Secondary characters

The accusation could be made that Benioff and Weiss "reconceive the role to make it worthy of the actor's talents" because they are cynically pandering for Emmy awards: that they only re-wrote Sansa to be raped because they wanted Sophie Turner to give an amazing emotive performance in a rape scene, so she would win an Emmy award for it (in which case, it didn't work, as she wasn't even nominated, while Maisie Williams was).

This does not, however, appear to be the case: if Benioff and Weiss want to win Emmy awards it is because they genuinely believe these changes make good storytelling. There is absolutely no indication that they are self-consciously awards-pandering.

A major piece of evidence that they are not awards-baiting is that the pattern of "reconceiving the role to make it worthy of the actors talents" - and impulsively making such changes - extends to even second and third tier characters who could never possibly hope to be nominated for Emmy awards. Rather, they are just so impressed with the actors' performances that they add in new scenes to show them off, with little thought to the repercussions.

Grey Worm & Missandei

There are several cases in which Benioff and Weiss made changes which don't really "contradict" anything from the novels, in that they involved secondary characters whose actions may have occurred "off-screen" in the novels. The TV series invented a romance storyline between Grey Worm and Missandei starting in Season 4. They are relatively minor characters in the novels so something on this scale could have happened - albeit in this case, Missandei is 10 years old in the novels and too young for romantic interests.

Nonetheless, this change was well-received by most major critics as a good exploration of these two characters - particularly, that it was expanding two of the few non-white characters in the story.

In interviews, however, Benioff and Weiss described the change purely in terms of giving the actors more to do, showing off the actors. They stated that they were impressed with the skills of Nathalie Emmanuel and Jacob Anderson, so they expanded their roles - to show off the actors' talents. They never phrased this in terms of thinking that expanding Missandei, the fictional character, would be a good chance to explore the mindset of one of the few characters not from Westeros but from Sothoryos, or to explore the character of ex-slave Grey Worm and his journey to reclaim his humanity (though other writers like Cogman have described it in such terms). Thus Benioff and Weiss primarily made this change, again, because they think in terms of showing off the actors.


Olly barely has any speaking lines, and actually never exchanges any dialogue with Jon Snow whatsoever. Benioff and Weiss explained that Olly was originally a one-shot character in Season 4 but they kept inventing new scenes for him because they were impressed by the performance of the actor, not because they thought the nearly silent fictional character was interesting. They reconceived the role to make it worthy of the actor's talents.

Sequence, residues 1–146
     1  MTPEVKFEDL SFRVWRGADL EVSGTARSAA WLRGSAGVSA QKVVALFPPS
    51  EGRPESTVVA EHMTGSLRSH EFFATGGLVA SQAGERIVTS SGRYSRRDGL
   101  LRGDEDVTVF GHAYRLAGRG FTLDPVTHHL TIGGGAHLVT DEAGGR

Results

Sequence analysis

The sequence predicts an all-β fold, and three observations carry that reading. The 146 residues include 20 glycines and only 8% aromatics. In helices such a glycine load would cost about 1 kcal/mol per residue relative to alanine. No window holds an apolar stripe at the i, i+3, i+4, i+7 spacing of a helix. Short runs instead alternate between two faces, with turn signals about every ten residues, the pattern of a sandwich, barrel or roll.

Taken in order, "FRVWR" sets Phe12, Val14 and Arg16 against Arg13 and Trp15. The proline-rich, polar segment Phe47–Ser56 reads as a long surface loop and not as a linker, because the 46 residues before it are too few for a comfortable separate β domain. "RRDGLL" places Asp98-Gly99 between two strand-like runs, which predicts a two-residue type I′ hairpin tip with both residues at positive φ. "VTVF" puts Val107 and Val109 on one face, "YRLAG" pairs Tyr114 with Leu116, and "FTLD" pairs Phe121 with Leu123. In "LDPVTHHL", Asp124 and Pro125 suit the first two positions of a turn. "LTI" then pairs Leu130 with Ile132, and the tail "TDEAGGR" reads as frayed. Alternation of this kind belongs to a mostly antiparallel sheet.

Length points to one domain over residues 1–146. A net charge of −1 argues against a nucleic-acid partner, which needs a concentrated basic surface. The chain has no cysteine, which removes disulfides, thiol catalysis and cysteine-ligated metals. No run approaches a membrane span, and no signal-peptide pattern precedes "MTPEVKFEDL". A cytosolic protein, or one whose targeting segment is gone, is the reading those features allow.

Benioff and Weiss have repeatedly and publicly boasted that Locke was originally scripted to die in Season 3, thrown into the bear-pit. Yet they were so impressed with the actor, as they explain word for word, that they decided to include him in an invented return to Craster's Keep subplot: thus they reconceived and expanded the role to make it worthy of the actor's talents.


Similar to Locke, Orell the wildling was somewhat expanded because, as the writers state, they were impressed with the actor and wanted to give him more to do.


Ramsay's bedwarmer/lackey Myranda was originally supposed to be a one-shot character. As the writers have stated, they enjoyed the actress's performance, so they turned it into a recurring role.

While on a loose level Myranda serves the narrative function of Ramsay's gang of lackeys from the novels known as the Bastard's Boys, this story element was not the primary focus in creating the character. Benioff and Weiss stated that they reconceived and expanded the role, to show off the actor's talents.


Ros was one of the first characters drastically changed or expanded from the novels: she is actually a "new" character, in that she is a condensation of half a dozen other prostitute characters from the novels.

In the Blu-ray commentary, however, Benioff and Weiss state Ros was originally going to be a one-shot character in the first episode, and they only made it recurring because they were impressed with the performance of actress Esmé Bianco. This was not simply an attempt to make a condensation character to stand in for a dozen other prostitute characters. Rather, the very first major "new" character invented for the TV series, was created when Benioff and Weiss "reconceived the role to show off the actor's talents".